“We thought about the scalability of electrification technologies in the future, and we found if we stayed with the planned architecture as it was, we may get in trouble. So we decided to make a change,” he said.
Marumoto went on to reveal the platform – which he said would underpin “the CX-5 and above” (so, also the CX-8 and CX-9, plus the rumoured-to-return CX-7) – would be able to accommodate a four-cylinder engine, an inline six-cylinder engine and some sort of plug-in hybrid powertrain. Expect a Skyactiv-X unit and a 48-volt mild hybrid version of the inline-six to be included, too.
Interestingly, Marumoto said it was “not a goal” of Mazda’s to become an established premium brand, adding the Japanese firm does not “aim to be like one of the established German Three [Audi, BMW and Mercedes-Benz] premium brands”.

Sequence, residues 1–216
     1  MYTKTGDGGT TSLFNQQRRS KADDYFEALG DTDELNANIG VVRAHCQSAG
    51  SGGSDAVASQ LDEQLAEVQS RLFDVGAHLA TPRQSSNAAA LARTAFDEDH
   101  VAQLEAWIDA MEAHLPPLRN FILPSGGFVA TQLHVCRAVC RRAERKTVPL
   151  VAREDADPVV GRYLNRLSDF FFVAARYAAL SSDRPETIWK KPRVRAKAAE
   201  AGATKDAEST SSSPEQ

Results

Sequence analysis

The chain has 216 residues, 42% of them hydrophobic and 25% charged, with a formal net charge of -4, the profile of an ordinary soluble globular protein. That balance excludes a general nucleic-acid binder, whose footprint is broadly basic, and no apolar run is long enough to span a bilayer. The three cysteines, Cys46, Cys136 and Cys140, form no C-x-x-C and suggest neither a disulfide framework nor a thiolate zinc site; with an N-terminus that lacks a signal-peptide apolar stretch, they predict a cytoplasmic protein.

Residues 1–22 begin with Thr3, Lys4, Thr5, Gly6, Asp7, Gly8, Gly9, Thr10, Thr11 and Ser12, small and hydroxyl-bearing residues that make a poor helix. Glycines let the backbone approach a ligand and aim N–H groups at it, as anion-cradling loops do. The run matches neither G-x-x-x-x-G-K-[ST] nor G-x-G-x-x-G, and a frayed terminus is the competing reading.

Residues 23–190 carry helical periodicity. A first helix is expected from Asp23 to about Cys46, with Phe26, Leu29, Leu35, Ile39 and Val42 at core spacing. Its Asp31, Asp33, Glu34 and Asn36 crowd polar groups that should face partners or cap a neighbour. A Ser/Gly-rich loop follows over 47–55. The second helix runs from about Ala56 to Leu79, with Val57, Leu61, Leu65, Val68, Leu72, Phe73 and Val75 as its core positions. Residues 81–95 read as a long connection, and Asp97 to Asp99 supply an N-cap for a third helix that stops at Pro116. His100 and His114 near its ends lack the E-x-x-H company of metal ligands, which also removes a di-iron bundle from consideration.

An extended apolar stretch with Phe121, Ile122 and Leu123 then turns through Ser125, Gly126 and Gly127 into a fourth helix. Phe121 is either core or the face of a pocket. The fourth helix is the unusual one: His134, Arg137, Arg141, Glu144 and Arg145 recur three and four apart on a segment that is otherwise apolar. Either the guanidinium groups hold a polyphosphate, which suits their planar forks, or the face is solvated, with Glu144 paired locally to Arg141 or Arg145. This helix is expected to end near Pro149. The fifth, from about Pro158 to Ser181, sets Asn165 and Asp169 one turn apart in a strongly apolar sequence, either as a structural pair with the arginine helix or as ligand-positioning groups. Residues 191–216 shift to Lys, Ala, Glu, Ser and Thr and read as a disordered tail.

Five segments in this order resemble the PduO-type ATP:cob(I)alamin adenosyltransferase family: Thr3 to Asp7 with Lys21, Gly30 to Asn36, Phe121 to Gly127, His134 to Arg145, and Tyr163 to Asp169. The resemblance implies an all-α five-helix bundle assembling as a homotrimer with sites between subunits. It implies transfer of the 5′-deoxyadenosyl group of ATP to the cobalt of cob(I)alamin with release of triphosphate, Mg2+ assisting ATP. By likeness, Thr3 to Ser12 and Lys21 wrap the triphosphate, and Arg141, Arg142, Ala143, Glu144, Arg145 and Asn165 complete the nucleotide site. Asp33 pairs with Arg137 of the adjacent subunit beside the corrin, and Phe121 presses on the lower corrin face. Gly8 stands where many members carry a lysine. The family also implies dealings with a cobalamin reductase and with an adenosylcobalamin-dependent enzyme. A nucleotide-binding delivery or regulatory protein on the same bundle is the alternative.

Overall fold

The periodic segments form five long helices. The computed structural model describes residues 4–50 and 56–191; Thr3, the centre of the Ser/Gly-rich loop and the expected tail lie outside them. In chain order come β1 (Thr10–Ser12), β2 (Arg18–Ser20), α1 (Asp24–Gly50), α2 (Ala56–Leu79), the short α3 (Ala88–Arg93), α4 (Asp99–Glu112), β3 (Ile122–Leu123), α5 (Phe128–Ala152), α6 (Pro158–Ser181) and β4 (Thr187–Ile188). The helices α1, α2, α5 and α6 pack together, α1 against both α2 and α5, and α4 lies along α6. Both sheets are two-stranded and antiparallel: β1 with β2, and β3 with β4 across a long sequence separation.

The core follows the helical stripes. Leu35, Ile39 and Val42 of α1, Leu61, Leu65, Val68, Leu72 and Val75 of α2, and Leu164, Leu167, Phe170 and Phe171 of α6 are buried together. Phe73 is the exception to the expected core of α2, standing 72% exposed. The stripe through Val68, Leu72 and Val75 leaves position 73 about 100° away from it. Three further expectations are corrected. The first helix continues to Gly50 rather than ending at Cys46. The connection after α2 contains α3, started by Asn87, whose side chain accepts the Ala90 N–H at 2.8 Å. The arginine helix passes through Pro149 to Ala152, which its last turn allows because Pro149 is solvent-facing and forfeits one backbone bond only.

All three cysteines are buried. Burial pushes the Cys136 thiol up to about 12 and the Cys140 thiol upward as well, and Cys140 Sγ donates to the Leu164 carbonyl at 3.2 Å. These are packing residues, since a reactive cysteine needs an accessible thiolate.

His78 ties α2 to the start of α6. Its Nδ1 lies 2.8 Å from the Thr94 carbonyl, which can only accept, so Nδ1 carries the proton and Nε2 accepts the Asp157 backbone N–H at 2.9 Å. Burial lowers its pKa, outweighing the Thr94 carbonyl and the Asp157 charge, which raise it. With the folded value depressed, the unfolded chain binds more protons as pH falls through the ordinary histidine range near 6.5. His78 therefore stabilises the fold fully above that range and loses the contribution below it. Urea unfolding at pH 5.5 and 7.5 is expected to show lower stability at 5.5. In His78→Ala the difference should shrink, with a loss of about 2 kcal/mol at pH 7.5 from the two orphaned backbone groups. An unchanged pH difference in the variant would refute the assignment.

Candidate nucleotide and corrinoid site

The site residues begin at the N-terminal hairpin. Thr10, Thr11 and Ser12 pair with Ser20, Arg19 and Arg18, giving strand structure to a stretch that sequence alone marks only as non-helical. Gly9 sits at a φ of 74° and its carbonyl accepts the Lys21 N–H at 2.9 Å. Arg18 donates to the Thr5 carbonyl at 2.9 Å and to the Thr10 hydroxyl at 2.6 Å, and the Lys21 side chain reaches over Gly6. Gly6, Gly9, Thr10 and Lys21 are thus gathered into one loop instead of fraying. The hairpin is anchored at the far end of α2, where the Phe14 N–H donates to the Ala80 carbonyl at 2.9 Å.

He also conceded the “Korean players” had reached a level that “really gives us pressure”, before predicting the “Chinese brands will eventually become something that will globally exert pressure as well”.
Ryan has spent most of his career in online media, writing about everything from sport to politics and other forms of crime. But his true passion – reignited by a 1971 Austin Mini Mk3 still tucked lifeless in a dark corner of his garage – is of the automotive variety.